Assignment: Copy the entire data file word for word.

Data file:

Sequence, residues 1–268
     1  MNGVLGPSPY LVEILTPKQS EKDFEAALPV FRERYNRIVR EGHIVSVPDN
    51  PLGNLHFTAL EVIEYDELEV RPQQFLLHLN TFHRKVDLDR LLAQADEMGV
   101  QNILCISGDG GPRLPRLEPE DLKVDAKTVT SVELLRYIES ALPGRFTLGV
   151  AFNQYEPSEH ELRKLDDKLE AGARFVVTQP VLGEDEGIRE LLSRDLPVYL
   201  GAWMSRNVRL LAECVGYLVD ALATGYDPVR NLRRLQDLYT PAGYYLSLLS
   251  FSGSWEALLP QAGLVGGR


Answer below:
Sequence, residues 1–268
     1  MNGVLGPSPY LVEILTPKQS EKDFEAALPV FRERYNRIVR EGHIVSVPDN
    51  PLGNLHFTAL EVIEYDELEV RPQQFLLHLN TFHRKVDLDR LLAQADEMGV
   101  QNILCISGDG GPRLPRLEPE DLKVDAKTVT SVELLRYIES ALPGRFTLGV
   151  AFNQYEPSEH ELRKLDDKLE AGARFVVTQP VLGEDEGIRE LLSRDLPVYL
   201  GAWMSRNVRL LAECVGYLVD ALATGYDPVR NLRRLQDLYT PAGYYLSLLS
   251  FSGSWEALLP QAGLVGGR